WHAT IS AT STAKE?
The European audiovisual industry is extremely diverse, highly successful, and has delivered significant benefits for Europe up to now.
In past bilateral and multilateral trade agreements, the EU has secured a ‘carve-out’ for audiovisual services, ensuring that the EU and its Member States can shape, preserve and develop their audiovisual sector. This reflects the fact that audiovisual services are more than a commodity; they have cultural value and shape public opinion.
To safeguard the European audiovisual sector, we need to ensure this carve-out is not just in the negotiating mandate for trade deals but also covering all relevant provisions in the final agreement.
Recognizing Europe's unique audiovisual model
When negotiating international trade deals, the specificities of the audiovisual sector in Europe need to be taken into account and safeguarded.
The European audiovisual sector relies not only on financial support mechanisms, but also significantly on regulatory mechanisms at EU and national level. Exposing audiovisual media services to international trade commitments would harm EU and Member States’ capacity to shape the European audiovisual landscape and set up measures aiming to promote the creation and distribution of European works.
Avoiding potential loopholes
Exemptions for audiovisual media services from international trade agreements are crucial to safeguarding cultural heritage and values in Europe, and ensuring an environment in which European creativity can thrive.
To deliver on these objectives, exemptions for audiovisual media services should be apply to all chapters of trade deals to avoid any potential loopholes in the future. In practice, this means including an explicit binding horizontal clause recognizing the sovereignty of signatories, including EU Member States, over their cultural and media policies.
A future-proof notion of audiovisual services
In any future trade deal, audiovisual services should also continue to be treated under the principle of technology neutrality - as defined by the UNESCO Convention on the Protection and Promotion of the Diversity of Cultural Expressions.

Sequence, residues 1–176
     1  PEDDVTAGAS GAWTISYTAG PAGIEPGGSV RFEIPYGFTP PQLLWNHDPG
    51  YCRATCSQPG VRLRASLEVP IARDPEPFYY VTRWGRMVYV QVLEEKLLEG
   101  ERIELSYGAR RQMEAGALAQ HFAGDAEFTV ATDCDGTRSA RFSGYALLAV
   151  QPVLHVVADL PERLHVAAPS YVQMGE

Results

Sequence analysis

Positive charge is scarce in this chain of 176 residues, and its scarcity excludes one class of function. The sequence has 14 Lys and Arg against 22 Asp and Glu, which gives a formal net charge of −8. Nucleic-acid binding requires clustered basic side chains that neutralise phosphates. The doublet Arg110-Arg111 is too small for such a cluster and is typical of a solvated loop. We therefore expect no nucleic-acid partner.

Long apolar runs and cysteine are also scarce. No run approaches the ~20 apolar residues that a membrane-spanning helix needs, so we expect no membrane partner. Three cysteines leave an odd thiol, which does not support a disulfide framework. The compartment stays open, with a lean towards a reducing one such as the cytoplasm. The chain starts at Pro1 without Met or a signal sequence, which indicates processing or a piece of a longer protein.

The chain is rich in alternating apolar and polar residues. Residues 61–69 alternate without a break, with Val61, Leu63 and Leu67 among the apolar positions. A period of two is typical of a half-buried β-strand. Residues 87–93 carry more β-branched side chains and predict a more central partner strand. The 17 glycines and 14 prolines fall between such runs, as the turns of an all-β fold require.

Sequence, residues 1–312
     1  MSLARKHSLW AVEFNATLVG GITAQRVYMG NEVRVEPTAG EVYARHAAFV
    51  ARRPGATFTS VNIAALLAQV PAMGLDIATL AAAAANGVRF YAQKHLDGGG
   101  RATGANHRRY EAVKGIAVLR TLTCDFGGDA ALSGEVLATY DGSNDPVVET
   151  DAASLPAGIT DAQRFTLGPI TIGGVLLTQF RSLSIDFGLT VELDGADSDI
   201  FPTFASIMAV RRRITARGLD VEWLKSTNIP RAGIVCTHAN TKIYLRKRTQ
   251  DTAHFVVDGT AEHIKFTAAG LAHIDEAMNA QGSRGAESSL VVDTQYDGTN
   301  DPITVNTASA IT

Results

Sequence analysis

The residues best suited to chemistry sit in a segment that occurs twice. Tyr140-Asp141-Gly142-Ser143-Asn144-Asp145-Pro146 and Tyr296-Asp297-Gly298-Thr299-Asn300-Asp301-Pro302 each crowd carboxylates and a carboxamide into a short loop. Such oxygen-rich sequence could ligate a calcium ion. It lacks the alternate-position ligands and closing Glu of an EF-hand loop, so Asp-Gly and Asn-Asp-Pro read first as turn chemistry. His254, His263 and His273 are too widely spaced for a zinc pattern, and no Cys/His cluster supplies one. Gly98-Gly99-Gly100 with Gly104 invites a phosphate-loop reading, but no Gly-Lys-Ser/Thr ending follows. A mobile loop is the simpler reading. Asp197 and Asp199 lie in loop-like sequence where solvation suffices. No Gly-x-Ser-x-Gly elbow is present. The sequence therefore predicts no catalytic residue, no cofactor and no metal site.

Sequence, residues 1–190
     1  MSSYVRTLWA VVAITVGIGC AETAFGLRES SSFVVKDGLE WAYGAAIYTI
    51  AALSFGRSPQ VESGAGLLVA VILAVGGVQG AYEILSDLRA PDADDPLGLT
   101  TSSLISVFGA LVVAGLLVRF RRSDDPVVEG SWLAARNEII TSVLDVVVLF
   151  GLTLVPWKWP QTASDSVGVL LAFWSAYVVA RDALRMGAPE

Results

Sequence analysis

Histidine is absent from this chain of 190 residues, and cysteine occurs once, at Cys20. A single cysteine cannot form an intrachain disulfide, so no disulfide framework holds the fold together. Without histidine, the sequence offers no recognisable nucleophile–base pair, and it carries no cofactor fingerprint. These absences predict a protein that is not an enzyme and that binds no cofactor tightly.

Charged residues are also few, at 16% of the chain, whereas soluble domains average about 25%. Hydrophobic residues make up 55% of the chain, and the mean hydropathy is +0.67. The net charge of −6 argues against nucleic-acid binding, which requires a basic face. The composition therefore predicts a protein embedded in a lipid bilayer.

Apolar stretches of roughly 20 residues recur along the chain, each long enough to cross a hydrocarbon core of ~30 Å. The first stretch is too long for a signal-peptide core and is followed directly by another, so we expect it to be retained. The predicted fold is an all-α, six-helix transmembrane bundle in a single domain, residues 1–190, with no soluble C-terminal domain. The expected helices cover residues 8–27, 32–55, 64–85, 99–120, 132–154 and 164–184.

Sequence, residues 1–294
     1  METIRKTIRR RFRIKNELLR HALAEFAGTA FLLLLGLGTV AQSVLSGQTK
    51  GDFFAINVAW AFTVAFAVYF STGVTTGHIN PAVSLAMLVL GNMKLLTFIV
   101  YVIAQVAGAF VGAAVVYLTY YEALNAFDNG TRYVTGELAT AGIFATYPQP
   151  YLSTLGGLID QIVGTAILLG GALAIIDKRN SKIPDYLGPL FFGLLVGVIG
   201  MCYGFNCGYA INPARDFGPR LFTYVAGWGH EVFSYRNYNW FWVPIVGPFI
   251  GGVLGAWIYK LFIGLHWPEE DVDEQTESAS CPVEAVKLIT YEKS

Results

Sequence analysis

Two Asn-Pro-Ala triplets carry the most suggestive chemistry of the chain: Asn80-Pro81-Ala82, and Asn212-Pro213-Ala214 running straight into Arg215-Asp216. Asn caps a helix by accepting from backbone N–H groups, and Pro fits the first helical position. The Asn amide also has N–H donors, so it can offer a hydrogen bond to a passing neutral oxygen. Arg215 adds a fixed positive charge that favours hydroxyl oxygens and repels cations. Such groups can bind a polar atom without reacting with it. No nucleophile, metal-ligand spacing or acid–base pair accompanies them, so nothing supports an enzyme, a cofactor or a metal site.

In the digital and online environment, it has become more difficult to distinguish content and distribution services while broadcasters are offering their services on all platforms.
The possibility to distinguish content services from transmission services remains essential. Any definition of electronic communications should ensure that the existing safeguards for audiovisual services in the EU regulatory framework continue to be reflected in any trade agreements. Therefore, it is essential to ensure that the exclusion from trade negotiations is understood to encompass all audiovisual services irrespective of the platform or device.
A positive list approach for clarity
For the sake of clarity regarding commitments, any future bilateral agreement negotiated by the EU should follow a ‘positive list approach’, where services subject to liberalization are explicitly mentioned and listed. A negative list approach risks introducing uncertainties regarding the exact scope of the services covered by trade liberalization commitments.
EBU response to the European Commission’s Consultation on a Renewed Trade Policy for a Stronger Europe
EBU response to the European Commission’s Consultation on a Renewed Trade Policy for a Stronger Europe.
EBU Policy Note: EU negotiations on 'TTIP' and the exclusion of audiovisual services
The present note gives indications on the European audiovisual sector’s specificities and interests in the context of these negotiations. It explains why the audiovisual sector has been and continues to be excluded from EU free trade negotiations. It points out some specific aspects to be taken into account in this regard in the context of the negotiations on TTIP.
UNESCO Convention on cultural diversity
Position paper on draft UNESCO Convention on cultural diversity
Audiovisual services and GATS
EBU contribution to the public consultation on requests for access to the EU market